How we cite our quotes:
[St. Peter to Dante]: "What is the origin of the dear gem
that comes to you, the gem on which all virtues
are founded?" I: "The Holy Ghost's abundant
rain poured upon the parchments old and new;
that the syllogism that has proved
with such persuasiveness that faith has truth –
when set beside that argument, all other
demonstrations seem to me obtuse." (Par. XXIV, 89-96)
Dante cites the Holy Ghost, the third member of the Holy Trinity, as the source for all faith. His "persuasiveness that faith has truth" is supported by Jesus in John 14:15-18, where He calls the Holy Ghost the "Spirit of Truth." This links back to why faith is seen as "evidence" for the unseen truths of Paradise and its blessedness.
I answer: I believe in one God – sole,
eternal – He who, motionless, moves all
the heavens with His love and love for Him;
for this belief I have not only proofs
both physical and metaphysical;
I also have the truth that here rains down
through Moses and the Prophets and the Psalms
and through the Gospels and through you who wrote
words given to you by the Holy Ghost.
And I believe in three Eternal Persons,
and these I do believe to be one essence,
so single and threefold as to allow
both is and are. Of this profound condition
of God that I have touched on, Gospel teaching
has often asset the imprint on my mind.
This is the origin, this is the spark
that then extends into a vivid flame
and, like a star in heaven, glows in me." (Par. XXIV, 130-147)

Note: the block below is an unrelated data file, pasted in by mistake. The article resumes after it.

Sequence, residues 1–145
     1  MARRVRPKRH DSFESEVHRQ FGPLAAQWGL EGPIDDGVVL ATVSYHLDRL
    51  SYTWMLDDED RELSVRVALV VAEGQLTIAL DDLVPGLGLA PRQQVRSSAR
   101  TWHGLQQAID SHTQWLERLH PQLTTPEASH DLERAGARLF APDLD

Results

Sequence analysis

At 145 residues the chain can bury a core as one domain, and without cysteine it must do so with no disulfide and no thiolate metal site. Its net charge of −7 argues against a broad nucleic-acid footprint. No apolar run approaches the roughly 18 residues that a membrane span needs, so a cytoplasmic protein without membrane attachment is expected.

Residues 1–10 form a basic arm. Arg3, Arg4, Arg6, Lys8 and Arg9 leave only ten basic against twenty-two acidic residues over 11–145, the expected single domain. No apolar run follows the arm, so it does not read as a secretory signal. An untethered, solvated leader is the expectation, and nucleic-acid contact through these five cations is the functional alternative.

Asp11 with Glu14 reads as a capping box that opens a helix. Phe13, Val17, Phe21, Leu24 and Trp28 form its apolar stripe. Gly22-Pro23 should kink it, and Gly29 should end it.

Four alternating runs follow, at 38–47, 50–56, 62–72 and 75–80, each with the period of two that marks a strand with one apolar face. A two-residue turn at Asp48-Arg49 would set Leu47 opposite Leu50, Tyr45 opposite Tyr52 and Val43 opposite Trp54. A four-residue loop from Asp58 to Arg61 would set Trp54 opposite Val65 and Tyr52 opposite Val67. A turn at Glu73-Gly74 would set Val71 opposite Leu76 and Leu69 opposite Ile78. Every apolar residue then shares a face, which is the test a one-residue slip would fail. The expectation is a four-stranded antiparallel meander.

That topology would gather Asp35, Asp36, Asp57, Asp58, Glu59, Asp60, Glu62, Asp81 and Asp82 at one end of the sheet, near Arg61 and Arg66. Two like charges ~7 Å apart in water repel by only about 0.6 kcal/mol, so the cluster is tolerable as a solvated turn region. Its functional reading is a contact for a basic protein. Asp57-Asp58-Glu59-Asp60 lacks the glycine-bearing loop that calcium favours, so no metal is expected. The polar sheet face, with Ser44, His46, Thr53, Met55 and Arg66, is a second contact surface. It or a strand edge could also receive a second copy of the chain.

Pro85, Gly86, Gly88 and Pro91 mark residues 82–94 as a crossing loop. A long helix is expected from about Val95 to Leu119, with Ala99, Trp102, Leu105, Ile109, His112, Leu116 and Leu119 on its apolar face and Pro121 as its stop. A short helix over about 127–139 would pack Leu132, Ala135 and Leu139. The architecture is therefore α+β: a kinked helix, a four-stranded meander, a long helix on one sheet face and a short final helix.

Dante recites his creed, a religious confession of faith beginning with his belief in "one God." He cites Scripture, both books in the Old Testament ("Moses and the Prophets" and the "Psalms") as well as those in the New Testament ("the Gospels" and the writings of the Apostles) as proof of God's existence. He then goes on to map the triune form of God in the Holy Trinity – in which there are Three in One and One in Three. This allows God to be called by the singular "is" or the plural "are." As a statement of truth, this creed ends in a bit of light imagery – a "spark," "vivid flame," and "star in heaven" – which enlightens Dante and "glows in [him]."
That circle – which, begotten so, appeared
in You as light reflected – when my eyes
had watched it with attention for some time,
within itself and colored like itself,
to me seemed painted with our effigy,
so that my sight was set on it completely.
As the geometer intently seeks
to square the circle, but he cannot reach,
through thought on thought the principle he needs,
so I searched that strange sight: I wished to see
the way in which our human effigy
suited the circle and found place in it –
and my own wings were far too weak for that. (Par. XXXIII, 127-139)
Dante's final lasting image in Paradiso is of the second circle (the Son) of the Holy Trinity. Here he witnesses the mystery of the Incarnation, that Christ had both the nature of man and God in one body, symbolized by the fact that "our effigy" (the image of man) "seemed painted" on the second circle but was "colored like itself." In other words, man's image is the same color as the rest of the circle around it, but yet Dante can see it. Seeing, however, does not necessarily mean understanding. When Dante ponders it ("I wished to see / the way in which our human effigy / suited the circle"), he cannot comprehend it ("my own wings were far too weak").